Incidence of obsessive-compulsive disorder in a community sample of young adolescents

Laura A. Valleni-Basile, Carol Z. Garrison, Jennifer L. Waller, Cheryl L. Addy, Robert E. McKeown, Kirby L. Jackson, Steven P. Cuffe

Research output: Contribution to journalArticlepeer-review

112 Scopus citations


Objective: To investigate the incidence, transition probabilities, and risk factors for obsessive-compulsive disorder (OCD) and subclinical OCD in adolescents. Method: A two-stage epidemiological study originally designed to investigate depression was conducted between 1987 and 1989 in the southeastern United States. For the screening, a self-report depressive symptom questionnaire was administered to a community sample of 3,283 adolescents. In the diagnostic stage, the Schedule for Affective Disorders and Schizophrenia for School-Age Children was administered to 488 mother- child pairs. Baseline screening and diagnostic data from the first year the subject completed an interview and follow-up diagnostic data from subsequent years were used. Results: The 1-year incidence rates of OCD and subclinical OCD were found to be 0.7% and 8.4%, respectively. Transition probabilities demonstrated a pattern of moving from more severe to less severe categories. Of those with baseline OCD, 17% had the diagnosis of OCD at follow-up; 62% moved to the referent group. Of those with baseline subclinical OCD, 1.5% had OCD at follow-up and 75% moved to the referent group. Black race (odds ratio [OR] = 23.38), age (OR = 4.02), desirable life events (OR = 0.78), undesirable life events (OR = 1.21), and socioeconomic status (OR not estimable) were significant predictors of incident OCD. Age (OR = 2.30), desirable life events (OR = 0.92), and undesirable life events (OR = 1.13) were significantly associated with incident subclinical OCD. Conclusion: An initial diagnosis of subclinical OCD was not significantly predictive of a diagnosis of OCD at 1-year follow-up. The overall morbidity remained higher at follow-up in the baseline OCD group than in the baseline subclinical OCD group. The baseline subclinical OCD group was more dysfunctional at follow- up than was the baseline referent group. Further research concerning differences in symptomatology and impairment between OCD and subclinical OCD is warranted.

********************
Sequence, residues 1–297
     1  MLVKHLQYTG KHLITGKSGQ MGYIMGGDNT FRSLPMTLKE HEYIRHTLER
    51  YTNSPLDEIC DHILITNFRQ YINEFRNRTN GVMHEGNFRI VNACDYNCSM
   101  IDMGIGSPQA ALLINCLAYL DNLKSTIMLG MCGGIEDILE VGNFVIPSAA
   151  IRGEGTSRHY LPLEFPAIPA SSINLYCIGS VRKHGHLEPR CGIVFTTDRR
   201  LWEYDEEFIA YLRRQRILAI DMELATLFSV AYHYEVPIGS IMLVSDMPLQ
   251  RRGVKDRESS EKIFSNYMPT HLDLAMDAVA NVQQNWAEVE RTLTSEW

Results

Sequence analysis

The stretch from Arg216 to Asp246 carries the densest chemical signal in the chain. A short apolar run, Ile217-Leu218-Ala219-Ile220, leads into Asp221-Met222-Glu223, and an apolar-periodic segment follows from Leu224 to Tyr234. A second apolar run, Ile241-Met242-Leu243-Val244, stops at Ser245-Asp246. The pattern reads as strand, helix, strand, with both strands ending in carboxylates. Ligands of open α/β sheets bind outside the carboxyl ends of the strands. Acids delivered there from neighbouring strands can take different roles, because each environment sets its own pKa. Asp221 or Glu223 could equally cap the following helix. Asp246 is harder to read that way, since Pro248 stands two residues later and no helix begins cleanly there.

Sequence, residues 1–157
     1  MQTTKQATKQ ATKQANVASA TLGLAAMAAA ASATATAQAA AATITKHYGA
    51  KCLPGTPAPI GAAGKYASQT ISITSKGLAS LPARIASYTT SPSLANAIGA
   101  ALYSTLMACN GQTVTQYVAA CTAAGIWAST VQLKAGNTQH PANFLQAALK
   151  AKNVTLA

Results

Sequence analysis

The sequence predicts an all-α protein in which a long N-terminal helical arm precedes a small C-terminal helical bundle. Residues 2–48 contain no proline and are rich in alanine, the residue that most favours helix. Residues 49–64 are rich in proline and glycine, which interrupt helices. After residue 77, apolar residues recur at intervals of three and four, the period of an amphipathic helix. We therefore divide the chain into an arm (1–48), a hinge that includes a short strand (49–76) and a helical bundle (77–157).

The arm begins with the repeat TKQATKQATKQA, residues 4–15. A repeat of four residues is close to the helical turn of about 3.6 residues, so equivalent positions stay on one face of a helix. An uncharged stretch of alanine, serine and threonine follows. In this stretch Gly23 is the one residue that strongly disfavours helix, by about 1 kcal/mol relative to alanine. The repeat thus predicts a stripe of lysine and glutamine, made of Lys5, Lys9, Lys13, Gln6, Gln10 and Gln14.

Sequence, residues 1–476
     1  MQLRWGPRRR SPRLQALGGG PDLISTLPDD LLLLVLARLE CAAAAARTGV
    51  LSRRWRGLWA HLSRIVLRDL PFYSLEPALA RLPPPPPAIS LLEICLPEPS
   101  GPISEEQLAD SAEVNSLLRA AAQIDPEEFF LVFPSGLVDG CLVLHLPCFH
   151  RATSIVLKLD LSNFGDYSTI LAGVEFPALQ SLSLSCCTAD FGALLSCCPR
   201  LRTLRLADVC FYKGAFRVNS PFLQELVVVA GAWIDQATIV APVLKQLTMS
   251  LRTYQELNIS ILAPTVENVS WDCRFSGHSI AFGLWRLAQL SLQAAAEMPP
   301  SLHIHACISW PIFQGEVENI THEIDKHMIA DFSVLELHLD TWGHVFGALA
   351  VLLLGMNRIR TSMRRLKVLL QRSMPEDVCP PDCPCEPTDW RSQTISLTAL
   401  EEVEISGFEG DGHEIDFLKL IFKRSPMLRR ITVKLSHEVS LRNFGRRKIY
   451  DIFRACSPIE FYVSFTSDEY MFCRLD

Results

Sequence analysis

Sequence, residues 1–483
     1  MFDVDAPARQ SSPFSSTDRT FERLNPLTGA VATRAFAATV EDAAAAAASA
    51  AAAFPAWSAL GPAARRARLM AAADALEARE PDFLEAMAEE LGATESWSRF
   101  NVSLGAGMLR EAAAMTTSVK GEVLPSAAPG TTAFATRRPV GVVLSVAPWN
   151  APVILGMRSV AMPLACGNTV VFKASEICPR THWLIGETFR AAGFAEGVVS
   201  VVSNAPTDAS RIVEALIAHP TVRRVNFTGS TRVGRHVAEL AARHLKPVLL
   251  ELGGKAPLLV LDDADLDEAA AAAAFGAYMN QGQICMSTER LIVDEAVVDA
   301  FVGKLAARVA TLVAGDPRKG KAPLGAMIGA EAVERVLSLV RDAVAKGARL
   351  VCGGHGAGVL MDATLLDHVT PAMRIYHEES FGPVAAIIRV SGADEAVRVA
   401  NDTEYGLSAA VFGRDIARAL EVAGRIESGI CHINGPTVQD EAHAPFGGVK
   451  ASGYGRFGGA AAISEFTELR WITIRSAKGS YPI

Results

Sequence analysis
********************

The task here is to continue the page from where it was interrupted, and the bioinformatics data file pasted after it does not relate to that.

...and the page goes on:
Original languageEnglish (US)
Pages (from-to)898-906
Number of pages9
JournalJournal of the American Academy of Child and Adolescent Psychiatry
Issue number7
StatePublished - Jul 1996
Externally publishedYes


  • adolescent
  • incidence
  • obsessive-compulsive disorder

ASJC Scopus subject areas

  • Developmental and Educational Psychology
  • Psychiatry and Mental health


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